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Event Number 2740

  Tuesday, September 11th, 2012

Chaos & Complex Systems Seminar
Computational complexity theory -- The world of P and NP
Time: 12:05 pm
Place: 4274 Chamberlin (refreshments will be served)
Speaker: Jin-Yi Cai, UW Department of Computer Science
Abstract: Computational Complexity Theory is the study of intrinsic difficulties of computational problems. The most prominent open problem is the conjecture that P is not equal to NP. In essense this conjecture states that it is intrinsically harder to find proofs than to verify them. It has a fundamental importance in many areas from computer science to mathematics, to our basic understanding of nature.<br>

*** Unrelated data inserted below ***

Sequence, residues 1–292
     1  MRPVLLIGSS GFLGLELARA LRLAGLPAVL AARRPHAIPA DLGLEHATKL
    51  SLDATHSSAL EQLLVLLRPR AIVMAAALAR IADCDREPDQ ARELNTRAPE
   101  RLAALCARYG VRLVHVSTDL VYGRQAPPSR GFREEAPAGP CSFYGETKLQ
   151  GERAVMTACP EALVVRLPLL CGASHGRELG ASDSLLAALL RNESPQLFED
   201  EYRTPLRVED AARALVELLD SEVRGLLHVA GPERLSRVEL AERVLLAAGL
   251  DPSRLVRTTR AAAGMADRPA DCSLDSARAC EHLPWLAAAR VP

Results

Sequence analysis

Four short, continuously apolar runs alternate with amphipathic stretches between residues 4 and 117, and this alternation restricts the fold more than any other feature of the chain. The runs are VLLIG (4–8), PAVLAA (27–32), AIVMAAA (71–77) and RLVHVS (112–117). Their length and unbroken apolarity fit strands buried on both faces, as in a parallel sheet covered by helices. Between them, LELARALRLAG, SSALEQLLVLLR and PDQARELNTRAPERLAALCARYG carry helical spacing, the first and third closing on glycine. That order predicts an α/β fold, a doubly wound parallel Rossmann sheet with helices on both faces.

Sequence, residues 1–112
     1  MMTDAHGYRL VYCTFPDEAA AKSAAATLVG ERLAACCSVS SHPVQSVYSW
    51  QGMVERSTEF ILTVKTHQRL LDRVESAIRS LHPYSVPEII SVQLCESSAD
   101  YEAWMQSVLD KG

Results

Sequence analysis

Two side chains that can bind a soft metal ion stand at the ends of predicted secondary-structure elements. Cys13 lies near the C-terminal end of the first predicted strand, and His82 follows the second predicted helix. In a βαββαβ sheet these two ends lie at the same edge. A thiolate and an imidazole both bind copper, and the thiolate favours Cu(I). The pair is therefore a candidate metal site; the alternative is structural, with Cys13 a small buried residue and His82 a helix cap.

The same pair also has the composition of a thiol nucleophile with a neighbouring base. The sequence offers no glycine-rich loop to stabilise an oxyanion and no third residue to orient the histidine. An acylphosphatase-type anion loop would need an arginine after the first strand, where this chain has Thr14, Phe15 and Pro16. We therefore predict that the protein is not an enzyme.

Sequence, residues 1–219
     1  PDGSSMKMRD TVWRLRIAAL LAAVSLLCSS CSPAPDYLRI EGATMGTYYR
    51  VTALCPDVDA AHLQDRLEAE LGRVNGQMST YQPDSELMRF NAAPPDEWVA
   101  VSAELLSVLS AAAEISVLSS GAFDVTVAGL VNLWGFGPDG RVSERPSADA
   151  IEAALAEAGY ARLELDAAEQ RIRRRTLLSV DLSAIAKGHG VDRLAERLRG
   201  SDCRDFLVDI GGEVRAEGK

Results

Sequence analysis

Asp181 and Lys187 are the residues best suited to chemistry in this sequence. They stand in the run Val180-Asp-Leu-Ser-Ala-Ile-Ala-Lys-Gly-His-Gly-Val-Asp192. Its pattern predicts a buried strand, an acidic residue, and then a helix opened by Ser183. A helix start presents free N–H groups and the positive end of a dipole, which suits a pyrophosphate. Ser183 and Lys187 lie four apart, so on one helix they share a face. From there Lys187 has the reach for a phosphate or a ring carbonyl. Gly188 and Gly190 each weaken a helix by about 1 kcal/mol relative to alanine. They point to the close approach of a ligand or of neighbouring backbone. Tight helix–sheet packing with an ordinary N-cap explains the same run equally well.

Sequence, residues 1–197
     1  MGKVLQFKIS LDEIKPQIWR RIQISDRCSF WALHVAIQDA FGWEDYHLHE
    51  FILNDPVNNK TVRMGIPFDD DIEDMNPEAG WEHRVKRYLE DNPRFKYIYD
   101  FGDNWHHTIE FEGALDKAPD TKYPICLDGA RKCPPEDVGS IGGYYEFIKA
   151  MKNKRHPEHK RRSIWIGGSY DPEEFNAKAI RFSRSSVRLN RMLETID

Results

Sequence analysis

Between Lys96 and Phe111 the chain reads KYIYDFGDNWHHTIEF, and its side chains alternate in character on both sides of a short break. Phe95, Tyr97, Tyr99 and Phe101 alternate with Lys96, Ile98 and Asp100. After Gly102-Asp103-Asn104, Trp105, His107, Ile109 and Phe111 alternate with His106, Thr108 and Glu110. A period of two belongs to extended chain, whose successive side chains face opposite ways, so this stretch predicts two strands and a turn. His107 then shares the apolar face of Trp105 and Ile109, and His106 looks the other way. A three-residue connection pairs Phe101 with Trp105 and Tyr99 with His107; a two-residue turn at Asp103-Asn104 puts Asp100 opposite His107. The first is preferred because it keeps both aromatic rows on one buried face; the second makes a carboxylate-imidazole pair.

Valiant's new theory of holographic algorithms is one of the most beautiful ideas in algorithm design in recent memory. It gives a new look on the P versus NP problem. In this theory, information is represented by a superposition of linear vectors in a holographic mix. This mixture creates the possibility for exponential sized cancellations of fragments of local computations. The underlying computation is done by invoking the Fisher-Kasteleyn-Temperley method for counting perfect matchings for planar graphs (Dimer Problem). Holographic algorithms challenge our conception of what polynomial time computation can do, in view of the P vs. NP question.<br>
In this talk we will survey the developments in holographic algorithms. No specialized background is assumed.
Host: Sprott
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